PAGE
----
A Lesson in Giving
From Sea Nomads

By Ricard “Toyditz” Cosico, Regional Program Support Manager for Asia

A group of impoverished Badjao mothers in the Philippiness open their hearts and nearly empty pocketbooks to donate to survivors of Typhoon Odette.

A group of Badjao mothers in Matina Aplaya, shown here with some of their kids, raised money to help families affected by Typhoon Odette in the Philippines. The photo at the top of the pages shows a Badjao community whose small houses rest on poles at the shoreline.

The Badjaos are sea nomads, a Malay people who have lived at sea for centuries, fishing and diving for a living in Davao Gulf between the Philippines, Malaysia, and Indonesia. They are highly skilled divers who hunt for fish and sea cucumbers and search for pearls. They also live in poverty.

A community of Badjaos in Matina Aplaya, a neighborhood in Davao City in the Philippines, are also beneficiaries of OneChild’s program in partnership with a local church there.

After Super Typhoon Odette left thousands of families homeless and hungry in December 2021 in the Visayas region – including our children and families in Cebu – Program Adviser Rhea Juson informed OneChild partners about the situation and the pressing needs of the affected families.

Super Typhoon Odette left thousands of families homeless in the Philippines.

According to the Philippine National Disaster Risk Reduction and Management Council, nearly 4 million people in more than 400 cities were affected by the typhoon, and more than half a million were displaced during Christmas, one of the most important holidays in the Philippines.

A few days after she issued a plea for assistance, Rhea received a message from the Badjao mothers in Matina Aplaya asking her where they could send money for the victims of the typhoon. These mothers were able to raise the equivalent of $100 to help affected families, Rhea says.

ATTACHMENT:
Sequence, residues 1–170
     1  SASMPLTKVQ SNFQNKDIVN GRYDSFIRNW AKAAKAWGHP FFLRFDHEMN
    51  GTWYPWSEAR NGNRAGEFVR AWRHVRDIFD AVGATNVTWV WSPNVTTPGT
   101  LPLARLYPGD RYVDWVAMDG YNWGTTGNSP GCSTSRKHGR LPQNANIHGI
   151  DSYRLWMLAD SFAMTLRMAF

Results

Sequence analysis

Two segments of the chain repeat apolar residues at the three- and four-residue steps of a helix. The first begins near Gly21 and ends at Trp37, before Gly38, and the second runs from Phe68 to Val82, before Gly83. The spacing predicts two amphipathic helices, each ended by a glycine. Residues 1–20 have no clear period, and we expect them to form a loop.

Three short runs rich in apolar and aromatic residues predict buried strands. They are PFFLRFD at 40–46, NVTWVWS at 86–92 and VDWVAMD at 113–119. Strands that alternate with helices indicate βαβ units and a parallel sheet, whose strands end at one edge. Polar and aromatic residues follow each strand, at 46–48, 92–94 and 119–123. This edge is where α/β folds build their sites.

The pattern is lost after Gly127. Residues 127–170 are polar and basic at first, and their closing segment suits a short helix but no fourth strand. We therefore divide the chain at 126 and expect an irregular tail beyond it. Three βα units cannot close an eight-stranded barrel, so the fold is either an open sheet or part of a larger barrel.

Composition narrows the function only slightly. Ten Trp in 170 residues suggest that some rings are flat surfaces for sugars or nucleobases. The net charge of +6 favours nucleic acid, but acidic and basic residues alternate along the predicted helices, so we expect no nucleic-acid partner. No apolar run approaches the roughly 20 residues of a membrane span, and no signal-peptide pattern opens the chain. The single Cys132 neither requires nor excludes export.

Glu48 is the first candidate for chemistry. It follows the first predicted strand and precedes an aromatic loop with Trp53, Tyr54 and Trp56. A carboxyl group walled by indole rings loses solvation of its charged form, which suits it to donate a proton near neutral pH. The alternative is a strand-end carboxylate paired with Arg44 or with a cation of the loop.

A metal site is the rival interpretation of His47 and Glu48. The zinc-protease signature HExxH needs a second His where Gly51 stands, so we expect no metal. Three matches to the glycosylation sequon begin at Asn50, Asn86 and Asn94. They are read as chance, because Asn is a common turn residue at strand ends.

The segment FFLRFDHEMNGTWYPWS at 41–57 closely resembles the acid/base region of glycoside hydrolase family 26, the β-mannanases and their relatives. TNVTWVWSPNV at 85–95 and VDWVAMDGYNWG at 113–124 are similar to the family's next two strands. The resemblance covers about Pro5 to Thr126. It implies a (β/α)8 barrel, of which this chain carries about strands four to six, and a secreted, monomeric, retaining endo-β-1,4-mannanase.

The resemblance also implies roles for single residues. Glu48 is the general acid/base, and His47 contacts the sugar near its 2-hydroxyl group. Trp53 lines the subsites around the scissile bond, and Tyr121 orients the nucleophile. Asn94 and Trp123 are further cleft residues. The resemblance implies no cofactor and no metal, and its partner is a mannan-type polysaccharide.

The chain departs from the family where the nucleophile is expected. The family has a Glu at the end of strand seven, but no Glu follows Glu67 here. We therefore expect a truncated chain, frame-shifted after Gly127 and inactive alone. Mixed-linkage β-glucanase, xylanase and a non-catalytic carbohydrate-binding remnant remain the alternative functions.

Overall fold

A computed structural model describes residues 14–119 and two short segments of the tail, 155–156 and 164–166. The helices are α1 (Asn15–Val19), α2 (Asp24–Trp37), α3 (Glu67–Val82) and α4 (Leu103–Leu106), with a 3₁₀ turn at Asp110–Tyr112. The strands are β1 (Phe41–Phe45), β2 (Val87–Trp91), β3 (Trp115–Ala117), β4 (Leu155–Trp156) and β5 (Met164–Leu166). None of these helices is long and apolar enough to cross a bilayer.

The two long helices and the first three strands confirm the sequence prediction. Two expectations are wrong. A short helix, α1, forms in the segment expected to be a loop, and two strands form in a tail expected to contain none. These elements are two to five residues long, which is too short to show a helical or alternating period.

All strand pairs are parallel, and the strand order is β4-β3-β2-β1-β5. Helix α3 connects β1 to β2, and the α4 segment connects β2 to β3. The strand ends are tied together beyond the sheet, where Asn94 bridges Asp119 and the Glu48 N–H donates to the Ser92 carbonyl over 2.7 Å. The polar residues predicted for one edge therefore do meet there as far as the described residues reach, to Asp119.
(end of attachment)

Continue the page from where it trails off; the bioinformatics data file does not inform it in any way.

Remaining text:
Rhea was astounded that these Badjao mothers, who can barely meet their own needs, were so filled with compassion for the typhoon’s victims that they scrambled to pitch in whatever they had to help them out. The mothers realized there were others who were more in need than they were, Rhea says.

Some Badjao mothers in Isla Verde Badjao Church, who are not even beneficiaries of OneChild’s program, also gave beyond their means. The total amount they collected is not a big amount, but it shows the transformation that happened in their hearts when they found out about others in desperate need.

So instead of their usual daily existence of just thinking about themselves and what they will eat tomorrow, these mothers opened their hearts — and pocketbooks — to help those even less fortunate.

To help us respond to kids and families in need following a disaster, please give to the Children’s Crisis Fund.

See how OneChild comes alongside the severely impoverished Badjao people to give them a hand up and hope for a better future:

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